have the same designs on Tennessee
Saturday night as on Friday night.
The Cats will be allopaths and homeopaths at the same time.
Besides the above combats, it is
probable, but not certain, that on Monday night Kentucky will engage the
Tusculum College quintet. The team
line-uto
as follows:
is expected
forwards;
Ireland and Campbell,
Longsworth, center;
Schrader and
Rodes, guards. Bart Peak and Boone
Simpson will make the trip as utility
men. The team leaves this morning.
d

KY. AND CINCY LAW
SCHOOLS TO DEBATE

No. 21

McBRAYER WINNER OF
UNION LIT. CONTEST
J. J. McBrayer. a Junior In the Col
lege of Law, added another star to his
crown Thursday night by winning the
Union oratorical contest. His subject
was "The Modern Paradox."
After
the contest President Barker presented him with a handsome gold medal,
as has been his custom many years
past. The Judge made a presentation
speech which called forth the highest
admiration of all those present. The
other contestants were Messrs. T. L.
Creekmore, L. F. Blsohoff, E. B. Har
din and Roy Barnhill.
The winning of this contest entitles
Mr. McBrayer to the honor of representing the Union in the
contest between the Patterson and
Union Societies, the winner of which
will represent the University in the
Intercollegiate contest to be held at
Winchester some time in May.
inter-societ- y

TO

PERFORM

IN CHAPEL

Mrs. McCracken and Prof.
Loomis Will Be
Soloists
COVER

IS

DIRECTOR

The University band, which has
made quite a reputation for itself this
year, will give its first public concert
In the ohapel tomorrow at the regular
hour. Professor Lawrence Cover, the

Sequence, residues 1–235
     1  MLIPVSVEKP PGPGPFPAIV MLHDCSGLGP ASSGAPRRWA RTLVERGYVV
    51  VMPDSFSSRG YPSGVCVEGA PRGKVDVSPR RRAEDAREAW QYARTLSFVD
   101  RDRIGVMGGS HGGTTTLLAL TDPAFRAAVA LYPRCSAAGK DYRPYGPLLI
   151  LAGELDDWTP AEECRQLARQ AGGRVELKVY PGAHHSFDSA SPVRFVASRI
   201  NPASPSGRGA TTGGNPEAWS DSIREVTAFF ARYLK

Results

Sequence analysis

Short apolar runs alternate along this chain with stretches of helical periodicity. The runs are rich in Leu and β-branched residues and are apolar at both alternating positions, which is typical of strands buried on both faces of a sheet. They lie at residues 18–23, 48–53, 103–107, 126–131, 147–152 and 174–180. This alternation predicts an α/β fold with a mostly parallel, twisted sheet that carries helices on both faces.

director, will be in charge and solos
will be rendered by Mrs. Ralph Mc
Cracken, soprano, and Professor Fred
Loomis, cornetist.
This is the first time in some years
the band has attempted such an ambitious program, and both the director
and the students deserve great credit
for the progress that has been made
so far. The program follows:
1.

March

Montezuma

La I'oloma
Gradier.
2.

Chambers.
Spanish Dance De

3. iBargo
"Resolved, that Congress should en
Huusdel.
act a law providing for one year com
4. Cornet
Solo "Turn Back the
pulsory military service for all male Universe and Give Mo Yesterday"
citizens nineteen years of age," is the Ball. Professor Fred Loomis.
subject that has been chosen for the
r. Indian War Dance Descriptive
annual debato between the Cincinnati
Bellstedt.
Law School and the College of Law
C.
Poet and Peasant Overture
of the University, which will be held
Suppe.
in chapel on tho evening of April 8.
7. Soprano Solo
"In tho Garden of
There will bo two teams chosen to
My Heart"
Ball.
Mrs. Ralph Mcrepresent tho Law College. One team
Cracken.
will go to Cincinnati, and on the same
5. Ghost
Descriptive
Dance
night the other team will debato with
Salsburg.
s
for
tho Cincinnati lads hero.
1).
March Tropic to Tropic Alexplaces on the team will be hold on
the evening or March 7, at which time ander.
10. Star Spangled Banner.
six debaters will bo selected.
Try-out-

BIG

LIFE IN THE COUNTRY

STUDENT NIGHT
FOR

STROLLER

PLAT

Transylvania Prof. Says Actors' Work Surpassing
Agriculture Builds
That of Other Years In
Character
All Respects
READS

RILEY

POEMS TO GO ON THE ROAD

"The very basis of Americanism is
the stable,
individualism
characteristic of agricultural life,"
said Professor Snoddy, professor of
College,
philosophy at Transylvania
in an address to the students at con
vocation Tuesday morning, on "Agriculture and Character."
The following sentences by Professor Snoddy are descriptive of the influence of agriculture upon character
building.
"First hand contact with nature
gives one a vital outlook on life. The
great philosophers of the past have
thot in the city with a city man's
outlook on life. But the time is com'- ing when philosophy will have the
country as its place of origination.
The great prophets of the olden time
were from rural communities; so was
the Christ.
"Intellectual rural life is going to
help us to understand the Bible; to
get the feeling of reality. There's an